I found myself frustrated throughout as a result because the most poignant moments are those where Billie recognizes the ways in which she is being bought and sold as a commodity. She sprains her ankle during the first song of one show and ultimately breaks down before running off-stage. The fact that she’s then manipulated to finish the show and put all those people who paid money above her own psychological wellbeing shouldn’t be presented as a feel-good moment of tenacity like it is. It shouldn’t be “American exceptionalism” propaganda because it’s actually a moment she can point to and say, “This is wrong.” It’s a moment for her fans to acknowledge their complicity in the destruction of teenage lives lost to the allure of fame and fortune.
How does Billie overcome that injury emotionally? We watch her go through physical therapy and laugh at the slomotion video of her ligament tear. We watch her utilize coping mechanisms like “baby voiced” embarrassment to diffuse the room and avoid the crippling pain. We’re watching her lose herself. Even when a “bad day” leads to bad press, we listen as she tells her mother and team that they can’t let her be seen that way. She and everyone around her make the issue about her when it’s really about an industry and journalism pool feeding on the fact that they can turn a toxic perspective on mental health into clicks instead of protecting this child. Because if this documentary tells us anything, it’s that. She’s a child.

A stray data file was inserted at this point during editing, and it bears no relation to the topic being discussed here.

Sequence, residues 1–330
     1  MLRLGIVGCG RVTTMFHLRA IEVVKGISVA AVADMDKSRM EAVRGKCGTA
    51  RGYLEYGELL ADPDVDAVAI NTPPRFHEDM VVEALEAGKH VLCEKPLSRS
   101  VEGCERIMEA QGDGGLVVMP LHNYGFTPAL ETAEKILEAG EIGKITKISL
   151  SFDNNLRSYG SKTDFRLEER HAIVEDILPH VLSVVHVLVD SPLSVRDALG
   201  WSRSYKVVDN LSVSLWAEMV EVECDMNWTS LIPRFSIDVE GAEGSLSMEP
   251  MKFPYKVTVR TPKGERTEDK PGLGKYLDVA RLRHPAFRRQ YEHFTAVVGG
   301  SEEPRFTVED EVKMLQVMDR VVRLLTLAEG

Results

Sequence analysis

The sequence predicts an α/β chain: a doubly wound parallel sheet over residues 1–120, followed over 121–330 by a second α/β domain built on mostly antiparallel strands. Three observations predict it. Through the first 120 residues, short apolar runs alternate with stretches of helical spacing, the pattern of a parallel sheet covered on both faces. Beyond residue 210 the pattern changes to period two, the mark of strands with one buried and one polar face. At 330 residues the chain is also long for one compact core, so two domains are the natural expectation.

That should be the hook rather than the unfortunate truth. We should be discovering what that means rather than blindly moving through the highlights when the toll of everything left out is so obviously weighing upon her. But I guess the public is only interested in that stuff in hindsight. They only care about how these young women were treated while being bought and sold after they’ve become the tragedy our society craves just as much as the success. So we’re asked to laugh as Billie flips back through her journal towards “dark times” instead of hope that she’ll be able to reckon with them. We’re asked to believe the life her talent has afforded is enough to overcome that darkness instead of merely avoiding it for later.
I wanted to hear what happened next after Billie rejected Finneas and their parents’ desire for her to make the music more accessible. I wanted to hear her speak without the necessity that this whole thing be a cool adventure she shouldn’t let capture anything she might regret in the future (a topic that’s also discussed and forgotten as quickly as it starts). That’s intimacy. That’s truth. Billie Eilish: The World’s a Little Blurry can’t help presenting itself as the opposite almost from the beginning. It’s a promotional item more akin to reality television keeping its authenticity “on script” than actual candidness with something important to say. It’s fun watching her meet Orlando Bloom and sing on-stage, but that only sells records. It doesn’t provide insight.
 Billie Eilish and Finneas O’Connell in “Billie Eilish: The World’s A Little Blurry,” premiering globally February 26, 2021 on Apple TV+.
 Billie Eilish and her mother, Maggie Baird, in “Billie Eilish: The World’s A Little Blurry,” premiering globally February 26, 2021 on Apple TV+.
 Billie Eilish and her father, Patrick O’Connell, in “Billie Eilish: The World’s A Little Blurry,” premiering globally February 26, 2021 on Apple TV+.